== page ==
Cote d’Ivoire

I just had 70km to go to the border but I set off early, not overly confident in the embassy’s assurances that the border guards had been told I was to be allowed through. I wasn’t feeling fantastic but there was no headwind and little traffic so the ride to the border was pleasant enough.

The Ghanaian side was deceptively simple: I handed over my usual photocopies and had my details entered into various books, got an exit stamp, and went over to the Ivorian side. That was not so straightforward.

They unsurprisingly wanted to see my laissez passer. My attempted explanation that the embassy had arranged things was ignored; no doubt partly a result of my poor French. I tried to call my contact at the embassy but got no response. Locals were crossing freely but I was not even allowed to wait at the Ivorian side of the border; the guards clearly didn’t believe I had permission.

I retreated a hundred yards or so back into no-man’s-land, and laid down to wait for the embassy to get back to me. I was there for a few hours. Finally, my contact called me and I handed the phone over to the guards. He explained the situation and, although they still weren’t letting me through, they became a lot friendlier. I was allowed to wait by their guard post.

There were lots of phone calls between the embassy and the interior ministry. Eventually one of the guards came over to me and said “c’est bon.” I was in!

I went through the immigration formalities, got my stamp, then went and checked into a hotel. The manager gave me a lift on his motorbike to somewhere that I could exchange money; I bought a sim card there too. On the way back I made the most of being back in a French-speaking country: I stopped at a bakery and got a pain au Chocolat.

I set off cycling the next morning on a pleasantly quiet road, mostly riding past palm plantations, and some rubber. At one point, I moved a short distance along a path into one, to stop and take a break. While I was sitting, a motorcycle nearly crashed into me, doubtless distracted by the fact his bike was on fire! I threw my water on it and some sand and the fire went out.

It started to get a bit busier later in the day as I passed through some larger towns.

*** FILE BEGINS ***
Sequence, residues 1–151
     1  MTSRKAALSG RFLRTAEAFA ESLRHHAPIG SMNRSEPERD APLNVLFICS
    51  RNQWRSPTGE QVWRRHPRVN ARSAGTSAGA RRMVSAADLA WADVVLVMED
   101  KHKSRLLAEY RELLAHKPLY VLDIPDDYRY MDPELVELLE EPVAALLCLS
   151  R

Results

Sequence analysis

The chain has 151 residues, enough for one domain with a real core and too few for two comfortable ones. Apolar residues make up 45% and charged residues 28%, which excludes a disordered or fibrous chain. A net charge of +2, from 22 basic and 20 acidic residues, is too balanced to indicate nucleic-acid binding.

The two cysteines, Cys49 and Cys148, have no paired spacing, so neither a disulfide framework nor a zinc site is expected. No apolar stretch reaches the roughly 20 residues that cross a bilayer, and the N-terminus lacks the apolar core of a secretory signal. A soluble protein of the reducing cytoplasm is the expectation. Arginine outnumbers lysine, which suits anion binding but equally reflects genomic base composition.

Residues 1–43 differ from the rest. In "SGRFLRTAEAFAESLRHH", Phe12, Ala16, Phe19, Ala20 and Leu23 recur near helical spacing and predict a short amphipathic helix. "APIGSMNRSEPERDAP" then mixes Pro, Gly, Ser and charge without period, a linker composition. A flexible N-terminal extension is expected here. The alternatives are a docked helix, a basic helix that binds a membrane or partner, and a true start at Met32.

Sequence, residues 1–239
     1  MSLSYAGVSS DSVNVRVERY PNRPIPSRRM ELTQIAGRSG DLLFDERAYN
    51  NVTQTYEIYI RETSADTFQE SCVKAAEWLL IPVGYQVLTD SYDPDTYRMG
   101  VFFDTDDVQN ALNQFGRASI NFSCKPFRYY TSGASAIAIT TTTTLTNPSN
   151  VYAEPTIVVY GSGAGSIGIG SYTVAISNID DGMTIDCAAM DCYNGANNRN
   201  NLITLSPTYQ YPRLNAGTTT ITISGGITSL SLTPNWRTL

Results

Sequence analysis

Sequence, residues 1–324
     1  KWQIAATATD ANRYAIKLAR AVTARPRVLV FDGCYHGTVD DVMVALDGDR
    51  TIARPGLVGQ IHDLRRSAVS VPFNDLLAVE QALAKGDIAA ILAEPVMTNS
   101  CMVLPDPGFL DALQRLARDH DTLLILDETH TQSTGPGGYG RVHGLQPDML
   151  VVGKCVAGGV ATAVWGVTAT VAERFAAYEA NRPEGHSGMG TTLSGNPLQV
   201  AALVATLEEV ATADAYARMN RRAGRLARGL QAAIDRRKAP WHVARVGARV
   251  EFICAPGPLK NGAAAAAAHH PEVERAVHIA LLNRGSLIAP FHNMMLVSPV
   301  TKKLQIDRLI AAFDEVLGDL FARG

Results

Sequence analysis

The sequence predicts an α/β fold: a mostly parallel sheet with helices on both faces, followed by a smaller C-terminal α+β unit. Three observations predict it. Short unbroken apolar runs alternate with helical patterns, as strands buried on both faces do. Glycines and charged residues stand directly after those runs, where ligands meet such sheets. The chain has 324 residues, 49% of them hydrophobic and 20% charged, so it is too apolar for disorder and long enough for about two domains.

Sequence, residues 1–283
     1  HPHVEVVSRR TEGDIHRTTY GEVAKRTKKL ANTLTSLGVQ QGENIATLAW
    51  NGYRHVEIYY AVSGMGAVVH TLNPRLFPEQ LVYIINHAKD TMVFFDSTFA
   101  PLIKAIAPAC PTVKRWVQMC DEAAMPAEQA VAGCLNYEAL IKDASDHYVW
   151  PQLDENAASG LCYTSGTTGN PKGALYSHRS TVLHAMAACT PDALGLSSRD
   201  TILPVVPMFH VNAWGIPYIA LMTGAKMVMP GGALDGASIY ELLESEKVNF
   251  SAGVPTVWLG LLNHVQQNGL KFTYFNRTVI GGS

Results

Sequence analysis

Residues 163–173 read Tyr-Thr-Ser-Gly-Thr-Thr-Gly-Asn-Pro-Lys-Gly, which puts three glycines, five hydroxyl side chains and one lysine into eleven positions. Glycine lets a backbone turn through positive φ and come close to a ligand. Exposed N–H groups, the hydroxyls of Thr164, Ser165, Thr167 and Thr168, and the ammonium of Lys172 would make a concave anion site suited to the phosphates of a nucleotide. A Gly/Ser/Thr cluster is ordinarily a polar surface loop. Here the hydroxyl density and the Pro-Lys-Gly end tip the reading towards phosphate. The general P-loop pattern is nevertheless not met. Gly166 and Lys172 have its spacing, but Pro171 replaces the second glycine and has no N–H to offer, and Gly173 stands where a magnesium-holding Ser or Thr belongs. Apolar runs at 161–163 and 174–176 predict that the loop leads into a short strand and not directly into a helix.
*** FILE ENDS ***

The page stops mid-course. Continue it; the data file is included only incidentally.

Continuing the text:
In the afternoon I began to feel unwell. I laid down in the shade for a couple hours, during which I threw up a few times. My best guess for the cause was heat exhaustion, combined with the fact I was unused to cycling after a few weeks of lazing around.

I didn’t really get that much better. Eventually I moved on but could barely go 2 kilometres at a time before the nausea was overwhelming and I had to lie down. After a few short cycling sections I reached a village, where I checked into a hotel. It didn’t have a fan or AC, but I didn’t have much choice. For most of the night I went and dunked my head in a bucket of water every half an hour or so to try and stay relatively cool.

I wasn’t feeling great by morning but I thought I was well enough to cover the remaining 40km to Grand Bassam, where there was a hostel popular with overlanders where I hoped to stay the weekend before going into Abidjan, the capital, for more visa applications. After about 20km it was clear I wasn’t going to be able to go much further. I staggered around a couple hotels, which were either full or very expensive. There were several hotels marked on my map in a section of town about a kilometre away from the main road. This turned out to be a kilometre of pushing through sand, after which I was very glad to find there was indeed a hotel there. It was reasonably cheap, even for a room with AC.

I stayed there for a few days. Initially the rest helped me feel a little better, but then I started getting worse again. I had no appetite and hadn’t really eaten for several days. I was constantly throwing up, unable to sleep, and hallucinating. I contacted Chloe, the operator of the hostel in the next town and she arranged a taxi to pick me up. I was very grateful; there was no way I could have walked the kilometre back to the main road.

I tested positive for Malaria. I’d been sick for a while before getting tested and was looking a bit yellow from jaundice. I was prescribed a series of injections as well as a whole host of pills – 14 a day!

I returned to Chloe’s and checked in there. There were various rooms but I needed one with AC because my body wasn’t moderating it’s temperature well. Over the next few days I started to feel better, and my appetite returned.

While I was sick, I’d considered the possibility that I might need to go home to recover. Rather than dreading that prospect, it actually seemed quite appealing. I wasn’t that excited about the next couple of months of cycling and really wanted a break. Although I was getting better, I decided I would fly home and take that break anyway. I booked a flight, collected a bike box from Decathlon, and headed home.

Aug 5: 68 km

Aug 6: 98 km

Aug 7: 21 km

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